Residential mortgage-backed securities—Residential mortgage-backed securities primarily consist of bonds issued by the Government National Mortgage Association, the Federal National Mortgage Association, the Federal Home Loan Mortgage Corporation, as well as private, non-agency issuers. These residential mortgage-backed securities are generally priced by independent pricing services and brokers. When current market trades are not available, the pricing provider or the Company will employ proprietary models with observable inputs including other trade information, prepayment speeds, yield curves and credit spreads. The Company generally classifies these securities in Level 2.
Other mortgage-backed securities—Other mortgage-backed securities primarily consist of commercial mortgage-backed securities. These securities are generally priced by independent pricing services and brokers. The pricing provider applies dealer quotes and other available trade information, prepayment speeds, yield curves and credit spreads to the valuation. The Company generally classifies these securities in Level 2.
In general, the methods employed by the independent pricing services to determine the fair value of the securities that have not been actively traded primarily involve the use of “matrix pricing” in which the independent pricing source applies the credit spread for a comparable security that has traded recently to the current yield curve to determine a reasonable fair value. The Company generally uses one pricing source per security and uses a pricing service ranking to consistently select the most appropriate pricing service in instances where it receives multiple quotes on the same security. When fair values are unavailable from these independent pricing sources, quotes are obtained directly from broker-dealers who are active in the corresponding markets. Most of the Company’s fixed maturities are priced from the pricing services or dealer quotes. The Company will typically not make adjustments to prices received from pricing services or dealer quotes; however, in instances where the quoted external price for a security uses significant unobservable inputs, the Company will classify that security as Level 3. The methods used to develop and substantiate the unobservable inputs used are based on the Company’s valuation policy and are dependent upon the facts and circumstances surrounding the individual investments which are generally transaction specific. The Company’s inactively traded fixed maturities are classified as Level 3. For all fixed maturity investments, the bid price is used for estimating fair value.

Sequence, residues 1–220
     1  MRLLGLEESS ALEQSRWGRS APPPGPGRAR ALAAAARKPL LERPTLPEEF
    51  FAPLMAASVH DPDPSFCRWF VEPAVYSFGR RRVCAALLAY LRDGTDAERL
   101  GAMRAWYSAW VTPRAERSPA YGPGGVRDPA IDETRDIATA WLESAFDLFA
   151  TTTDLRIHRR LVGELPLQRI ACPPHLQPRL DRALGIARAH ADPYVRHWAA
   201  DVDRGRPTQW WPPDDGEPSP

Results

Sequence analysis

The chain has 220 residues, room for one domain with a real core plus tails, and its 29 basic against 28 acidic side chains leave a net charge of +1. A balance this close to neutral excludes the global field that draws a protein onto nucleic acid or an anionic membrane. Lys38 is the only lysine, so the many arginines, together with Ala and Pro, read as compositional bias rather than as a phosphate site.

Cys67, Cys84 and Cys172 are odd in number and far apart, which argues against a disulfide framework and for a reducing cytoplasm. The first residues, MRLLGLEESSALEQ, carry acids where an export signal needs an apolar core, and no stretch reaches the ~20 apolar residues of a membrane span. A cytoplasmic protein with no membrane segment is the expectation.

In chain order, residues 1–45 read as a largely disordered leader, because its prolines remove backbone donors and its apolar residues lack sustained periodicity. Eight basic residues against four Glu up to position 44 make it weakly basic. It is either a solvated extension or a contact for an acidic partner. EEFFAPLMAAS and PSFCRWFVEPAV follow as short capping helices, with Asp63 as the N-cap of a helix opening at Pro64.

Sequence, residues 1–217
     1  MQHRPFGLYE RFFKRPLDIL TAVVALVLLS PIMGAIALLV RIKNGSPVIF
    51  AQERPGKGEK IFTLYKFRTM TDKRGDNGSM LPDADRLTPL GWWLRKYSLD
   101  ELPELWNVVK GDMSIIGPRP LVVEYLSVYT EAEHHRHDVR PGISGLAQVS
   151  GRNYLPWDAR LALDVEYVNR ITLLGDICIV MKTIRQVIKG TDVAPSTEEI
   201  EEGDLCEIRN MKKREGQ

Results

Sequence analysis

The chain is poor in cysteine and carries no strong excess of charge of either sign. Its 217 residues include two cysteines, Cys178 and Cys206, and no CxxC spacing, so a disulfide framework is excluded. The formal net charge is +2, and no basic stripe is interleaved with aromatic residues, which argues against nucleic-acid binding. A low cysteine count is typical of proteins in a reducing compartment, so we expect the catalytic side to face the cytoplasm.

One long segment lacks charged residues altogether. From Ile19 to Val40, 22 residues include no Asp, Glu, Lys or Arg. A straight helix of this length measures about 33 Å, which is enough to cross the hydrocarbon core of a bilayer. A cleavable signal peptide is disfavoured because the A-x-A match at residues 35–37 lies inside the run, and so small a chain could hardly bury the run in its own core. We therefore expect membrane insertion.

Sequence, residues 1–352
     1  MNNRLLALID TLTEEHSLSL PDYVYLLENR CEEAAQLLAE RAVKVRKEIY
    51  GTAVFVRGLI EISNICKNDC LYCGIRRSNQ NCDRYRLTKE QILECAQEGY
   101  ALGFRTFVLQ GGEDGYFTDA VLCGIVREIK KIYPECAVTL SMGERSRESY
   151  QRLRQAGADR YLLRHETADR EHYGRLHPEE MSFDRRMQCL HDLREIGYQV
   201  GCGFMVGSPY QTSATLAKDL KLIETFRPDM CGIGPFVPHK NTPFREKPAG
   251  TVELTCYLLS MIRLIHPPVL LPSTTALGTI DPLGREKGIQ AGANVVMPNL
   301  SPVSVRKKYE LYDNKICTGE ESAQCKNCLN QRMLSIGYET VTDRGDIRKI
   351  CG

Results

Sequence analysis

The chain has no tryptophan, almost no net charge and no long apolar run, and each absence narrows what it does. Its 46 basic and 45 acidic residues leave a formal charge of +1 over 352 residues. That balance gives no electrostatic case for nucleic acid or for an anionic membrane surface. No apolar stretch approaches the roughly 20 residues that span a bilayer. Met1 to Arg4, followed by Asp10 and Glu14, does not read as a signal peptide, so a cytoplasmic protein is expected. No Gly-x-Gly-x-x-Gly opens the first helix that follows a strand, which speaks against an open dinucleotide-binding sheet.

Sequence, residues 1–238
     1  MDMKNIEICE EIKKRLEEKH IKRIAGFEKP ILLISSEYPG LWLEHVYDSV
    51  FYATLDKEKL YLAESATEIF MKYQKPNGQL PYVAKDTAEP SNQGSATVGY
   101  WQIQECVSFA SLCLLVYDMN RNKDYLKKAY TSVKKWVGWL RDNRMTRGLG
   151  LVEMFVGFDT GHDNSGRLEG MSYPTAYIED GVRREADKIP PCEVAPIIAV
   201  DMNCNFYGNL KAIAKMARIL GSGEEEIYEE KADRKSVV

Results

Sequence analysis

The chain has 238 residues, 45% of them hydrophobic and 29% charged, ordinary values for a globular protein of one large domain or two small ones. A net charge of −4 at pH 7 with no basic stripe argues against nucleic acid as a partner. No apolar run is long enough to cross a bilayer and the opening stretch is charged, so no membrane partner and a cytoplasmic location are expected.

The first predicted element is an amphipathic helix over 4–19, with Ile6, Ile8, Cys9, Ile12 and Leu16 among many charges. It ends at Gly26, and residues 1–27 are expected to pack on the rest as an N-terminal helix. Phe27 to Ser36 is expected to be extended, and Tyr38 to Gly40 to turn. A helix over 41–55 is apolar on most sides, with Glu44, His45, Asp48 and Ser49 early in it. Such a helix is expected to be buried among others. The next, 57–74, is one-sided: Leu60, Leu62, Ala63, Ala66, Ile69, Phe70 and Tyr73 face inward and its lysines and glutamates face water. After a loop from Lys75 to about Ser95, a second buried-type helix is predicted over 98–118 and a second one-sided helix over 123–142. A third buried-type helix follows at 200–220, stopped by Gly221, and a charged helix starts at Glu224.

To validate prices, the Company compares the fair value estimates to its knowledge of the current market and will investigate prices that it considers not to be representative of fair value. The Company also reviews an internally generated fixed maturity price validation report which converts prices received for fixed maturity investments from the independent pricing sources and from broker-dealers quotes and plots OAS and duration on a sector and rating basis. The OAS is calculated using established algorithms developed by an independent risk analytics platform vendor. The OAS on the fixed maturity price validation report are compared for securities in a similar sector and having a similar rating, and outliers are identified and investigated for price reasonableness. In addition, the Company completes quantitative analyses to compare the performance of each fixed maturity investment portfolio to the performance of an appropriate benchmark, with significant differences identified and investigated.